Among my most enjoyable day-long excursions is a trip from Munich to Garmisch-Partenkirchen and the Zugspitze, during a winter city break to the Bavarian capital in 2015.
Good weather or, at the very least, good visibility, is a necessity for ascending to Germany’s highest peak, which offers spectacular views of over 400 mountain peaks across four countries.
Some degree of luck is always needed when planning such journeys as part of a short city break, for there’s limited opportunities to wait around for a day with a good forecast.
Fortunately, the best weather of the four-day trip was on a Saturday – when no time limits on off-peak travel are in place, enabling for an earlier start in order to make the most of the reduced daylight hours of February.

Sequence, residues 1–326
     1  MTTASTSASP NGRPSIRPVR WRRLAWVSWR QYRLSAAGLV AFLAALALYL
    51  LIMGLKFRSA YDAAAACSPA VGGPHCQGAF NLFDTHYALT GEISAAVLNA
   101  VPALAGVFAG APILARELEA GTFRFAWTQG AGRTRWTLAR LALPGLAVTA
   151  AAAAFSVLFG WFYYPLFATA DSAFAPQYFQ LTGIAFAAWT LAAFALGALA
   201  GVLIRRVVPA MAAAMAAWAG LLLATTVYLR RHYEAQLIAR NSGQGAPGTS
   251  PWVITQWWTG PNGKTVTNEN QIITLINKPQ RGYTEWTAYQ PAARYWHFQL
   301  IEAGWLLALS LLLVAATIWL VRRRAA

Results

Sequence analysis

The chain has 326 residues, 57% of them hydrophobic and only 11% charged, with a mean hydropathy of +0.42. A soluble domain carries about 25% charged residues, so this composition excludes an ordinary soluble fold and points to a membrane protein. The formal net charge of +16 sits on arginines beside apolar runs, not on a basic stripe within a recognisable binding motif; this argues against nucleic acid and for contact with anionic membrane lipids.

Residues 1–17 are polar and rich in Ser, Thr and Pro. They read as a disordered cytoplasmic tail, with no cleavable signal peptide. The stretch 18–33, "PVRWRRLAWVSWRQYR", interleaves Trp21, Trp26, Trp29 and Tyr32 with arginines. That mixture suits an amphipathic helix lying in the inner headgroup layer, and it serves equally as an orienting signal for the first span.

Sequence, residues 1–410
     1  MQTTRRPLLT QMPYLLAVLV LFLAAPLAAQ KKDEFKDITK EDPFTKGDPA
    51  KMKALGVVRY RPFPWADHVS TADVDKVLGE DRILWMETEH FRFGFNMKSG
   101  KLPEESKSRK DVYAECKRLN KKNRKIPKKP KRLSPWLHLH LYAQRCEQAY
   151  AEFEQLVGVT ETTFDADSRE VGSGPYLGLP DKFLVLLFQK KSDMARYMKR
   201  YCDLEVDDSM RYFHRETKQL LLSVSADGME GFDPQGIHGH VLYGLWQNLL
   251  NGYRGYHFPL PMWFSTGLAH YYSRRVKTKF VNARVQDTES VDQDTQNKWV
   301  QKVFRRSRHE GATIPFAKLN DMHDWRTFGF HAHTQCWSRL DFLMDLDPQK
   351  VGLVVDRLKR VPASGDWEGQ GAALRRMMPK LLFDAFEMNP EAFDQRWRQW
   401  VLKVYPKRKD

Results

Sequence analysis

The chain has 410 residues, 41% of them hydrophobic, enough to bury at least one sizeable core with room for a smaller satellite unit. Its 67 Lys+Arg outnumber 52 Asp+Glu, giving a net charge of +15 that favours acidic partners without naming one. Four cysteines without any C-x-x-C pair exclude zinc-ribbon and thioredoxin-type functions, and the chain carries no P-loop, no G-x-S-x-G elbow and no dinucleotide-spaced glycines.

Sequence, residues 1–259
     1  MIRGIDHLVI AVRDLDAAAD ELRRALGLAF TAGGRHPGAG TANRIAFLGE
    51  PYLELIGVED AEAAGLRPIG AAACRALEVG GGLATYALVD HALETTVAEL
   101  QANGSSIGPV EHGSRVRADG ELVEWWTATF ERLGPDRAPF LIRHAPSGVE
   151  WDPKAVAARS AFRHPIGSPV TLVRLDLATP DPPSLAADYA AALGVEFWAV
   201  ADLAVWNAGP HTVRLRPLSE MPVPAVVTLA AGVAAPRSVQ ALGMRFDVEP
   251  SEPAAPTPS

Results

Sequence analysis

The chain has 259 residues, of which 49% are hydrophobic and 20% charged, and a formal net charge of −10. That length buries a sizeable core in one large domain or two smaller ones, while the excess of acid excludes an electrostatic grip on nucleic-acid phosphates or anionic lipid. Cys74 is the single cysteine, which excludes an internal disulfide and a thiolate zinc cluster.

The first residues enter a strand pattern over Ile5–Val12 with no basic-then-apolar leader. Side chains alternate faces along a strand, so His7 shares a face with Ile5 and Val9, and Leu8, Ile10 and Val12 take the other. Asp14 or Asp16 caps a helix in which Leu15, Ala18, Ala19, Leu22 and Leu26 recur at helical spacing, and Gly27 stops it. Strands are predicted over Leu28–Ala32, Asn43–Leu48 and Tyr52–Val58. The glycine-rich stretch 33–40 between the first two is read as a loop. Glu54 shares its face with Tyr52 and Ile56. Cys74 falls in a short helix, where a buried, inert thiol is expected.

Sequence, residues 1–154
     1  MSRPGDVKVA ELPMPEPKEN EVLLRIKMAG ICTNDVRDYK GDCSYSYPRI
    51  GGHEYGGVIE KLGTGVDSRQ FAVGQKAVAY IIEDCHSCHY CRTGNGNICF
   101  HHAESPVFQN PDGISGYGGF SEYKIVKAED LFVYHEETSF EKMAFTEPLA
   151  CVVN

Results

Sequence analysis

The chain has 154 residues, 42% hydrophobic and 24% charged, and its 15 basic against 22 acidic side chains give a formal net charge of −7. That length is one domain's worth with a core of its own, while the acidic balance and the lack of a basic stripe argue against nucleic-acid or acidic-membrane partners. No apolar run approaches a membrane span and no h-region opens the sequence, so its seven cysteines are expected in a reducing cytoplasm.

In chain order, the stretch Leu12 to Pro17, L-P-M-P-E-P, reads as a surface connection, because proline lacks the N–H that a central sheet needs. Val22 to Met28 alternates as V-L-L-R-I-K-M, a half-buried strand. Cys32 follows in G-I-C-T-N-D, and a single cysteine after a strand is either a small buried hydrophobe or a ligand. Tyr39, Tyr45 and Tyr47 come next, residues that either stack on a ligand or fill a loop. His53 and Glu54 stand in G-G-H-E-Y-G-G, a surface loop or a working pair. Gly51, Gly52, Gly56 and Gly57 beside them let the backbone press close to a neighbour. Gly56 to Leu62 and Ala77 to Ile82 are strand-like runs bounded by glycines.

The journey began at a little after 6.30am, with a near-empty local train service into Munich Hauptbahnhof. The train heading for the Austrian border, however, was anything but quiet; every seat, along with every inch of aisle space, filled with skiers and snowboarders heading for a day on the slopes.
There was such a buzz of excitement, especially as the train closed in on Garmisch, passing a queue of traffic many miles long of drivers heading to the same region, and probably for the same reason.
Maps and Haribo sweets were handed out to all onboard, along with information for lift passes. With so many people, I feared a long wait for the mountain train connecting Garmisch with the Zugspitze. But, as we departed the train with the light just starting to break through the morning mist, most passengers remained on board, heading instead for the next and final destination of Lermoos, situated just across the Austrian border.